This will be a disjointed blog post.

The fact of the matter is, I don’t know if I’ve ever reached muscle failure. I mean, I’ve collapsed after a set of push-ups. But, as I stood back up, I’ve been haunted by the fact that I might have been able to do a few more push-ups, if I’d really tried. After all, push-ups seldom are connected to any real consequences.

Fun random aside:

One of my father’s favorite stories from the Army was in some training camp or other where he was the platoon leader, and there were only enough truck to transport two of the three platoons back to the barracks. One platoon was going to have to march.

The way the seargents on the scene decided to allocate the trucks was to have the platoon leaders compete doing push-ups. “I knew I didn’t have to win,” my father always says in this story, “I just couldn’t lose.”

According to the legend, he did over a hundred push-ups in this story. I’ve never done that many push-ups, and I often wonder if I would have the mental fortitude to really push myself, if I had to.

So, I wonder, is there a way I can engineer my own muscle failure. Can I set myself up to try hard at things and fail, knowing I’ll come away stronger and wiser? (Or with a reinforced Inner Citadel, whatever that means.)

I don’t know.

The Army Combat Fitness Test

Part of what’s got me thinking like this is the news that the U.S. Army is introducing a new physical fitness test. Up until I stopped doing sit-ups (word on the street has it they’re bad for your back) I’ve been silently measuring myself against the existing Army Physical Fitness Test. After all, my first encounter with the idea of ‘minimal fitness’ was with the Army, and it’s nice to know (or think) “I could check all those boxes. I am fit.”

The new test may or may not be an improvement over the old test. What it is, though, is a departure from the days when I could do the exercises at home and say “Yup, that was enough push-ups.” or “I smoked my old two-mile run time.”

Conclusion

I don’t know if there is a conclusion. The point is, I wonder about my ability to push myself until my body simply doesn’t have more to give. I get that I’ll probably never need to do that.

But I want to know that I can. And I don’t know how to teach myself that.

A headstand is also a burpee

This post could be titled “Burpee challenge, modified” and is inspired — like the whole burpee challenge thing, by a post on lifehacker. In this case, it was a post about getting a hundred burpees done.

How things are now

I still do burpees most days. Following my initial math, I worked up to sets of ten, by managing to get twenty done in two minutes.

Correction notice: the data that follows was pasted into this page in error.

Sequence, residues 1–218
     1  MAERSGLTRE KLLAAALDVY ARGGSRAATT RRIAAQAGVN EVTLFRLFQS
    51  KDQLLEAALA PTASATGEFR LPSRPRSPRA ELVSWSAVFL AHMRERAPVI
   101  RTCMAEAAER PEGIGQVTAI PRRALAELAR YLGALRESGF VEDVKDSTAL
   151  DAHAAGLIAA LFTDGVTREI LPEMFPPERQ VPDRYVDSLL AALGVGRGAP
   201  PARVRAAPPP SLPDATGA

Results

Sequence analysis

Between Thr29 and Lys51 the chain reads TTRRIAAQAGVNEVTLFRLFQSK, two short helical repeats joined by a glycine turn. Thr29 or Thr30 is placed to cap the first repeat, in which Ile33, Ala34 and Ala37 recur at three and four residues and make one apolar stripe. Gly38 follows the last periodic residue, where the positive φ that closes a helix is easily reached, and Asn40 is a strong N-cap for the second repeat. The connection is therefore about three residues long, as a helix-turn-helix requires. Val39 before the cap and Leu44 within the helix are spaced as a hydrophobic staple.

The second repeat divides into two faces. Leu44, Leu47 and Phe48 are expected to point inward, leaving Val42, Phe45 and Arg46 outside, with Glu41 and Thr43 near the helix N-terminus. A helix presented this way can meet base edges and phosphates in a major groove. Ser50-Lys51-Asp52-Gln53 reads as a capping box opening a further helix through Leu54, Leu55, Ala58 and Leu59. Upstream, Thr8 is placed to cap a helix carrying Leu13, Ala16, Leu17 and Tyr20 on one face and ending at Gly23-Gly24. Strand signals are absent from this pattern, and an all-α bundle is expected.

The thing is, it’s not as fun as it once was, and I’m not seeing improvement. I get at least one burpee done (the old minimum) at least six days a week. And on one day, I managed seven sets of nine — in competition with my daughter who takes some liberties with form.

Still, I’m feeling more and more like I’m plateauing. The number of burpees I can do is not going up. I’m not getting more pull-ups done in a single set. And, adding burpees to my runs (the kill-two-birds-with-one-trip-outside strategy) means that I seldom run much more than a kilometer without a ‘break.’ (To be honest, the running feels like a break.)

How I want things to be

I don’t have a clear answer. I want to get back to feeling like I’m getting stronger, to being proud of my workouts, rather than just getting them out of the way.

I genuinely want to feel stronger.

A good fitness memory

Here’s a thing we did not long ago that made all of this seem a little more worthwhile: getting the kids outside (one of my biggest summer priorities) we found an oak tree that had a lot of branches that we could reach. Of course, we climbed it.

I haven’t spent much time in a tree in a while — though that is a long-term goal — and was surprised to see how effortless it seemed to about using my arms and shoulders to support a lot of my weight. I wasn’t doing insane rock-climbing stuff, and there was still a lot of weight on my legs.

None of those caveats, though, takes away from the feeling I had — not much more than two meters in the air — of being somehow stronger than I was used to being. And being strong enough to help my kids climb.

I loved that.

You can bet we’ve been back to that tree — and others, though that’s the one that seems to need my arms the most — often, as much for my benefit as for theirs.

So, here’s what I guess I want: to continue doing workouts that impress me (without injury, I might add!) and to have more of those moments of relative strength.

The way forward

I don’t know what the way forward is. Often, I make these posts after I’ve come up with an idea I want to try. Instead, I wanted to make a record of how things stand right now.

There is one change I’m making now, as I look at how to continue this fitness adventure. And, unfortunately, it revolves around an experience I had in which I felt less strong: headstands.

There was a time when my sister and I had a competition to see who could do the longest headstands. I could count to twelve and back down while standing pretty reliably on my head (not, I should add, my hands). It was one of those things that made me feel strong.

And then back hurt and I got into planks, and from planks into burpees.

Then, recently, my daughter has become interested in headstands, handstands, cartwheels, the like. And she asked me if I could still do a headstand (she’d seen them)… and it was hard. I got my legs in the air, but not with the confidence I’d had before.

So, I guess I’m going back to doing headstands. And that’s okay. I’ve just rationalized that I’ll try to substitute headstands for burpees on those days when I’ve realized I haven’t done enough burpees.

Maybe I’ll join my daughter in her handstand/cartwheel goals.

 

The slow run you take is better than the speedwork you skip

It’s been hot here. Really, really hot.

I’m not complaining — I’ll take heat over cold any day — but it’s been the kind of weather that makes all movement a sweat-soaked enterprise.

But, I ran. I’m a runner, and runners run. (In addition to me prioritizing exercise as a superpower.) But I didn’t run fast.

The Wednesday speedwork was just a slow run with burpees in the shade. Friday’s mid-distance run was just a simple 5k with more burpees.

But, I ran.

I’m a big believer that the perfect is the enemy of the good. And, as an extrapolation of that, the slow run you take is better than the speedwork you skip.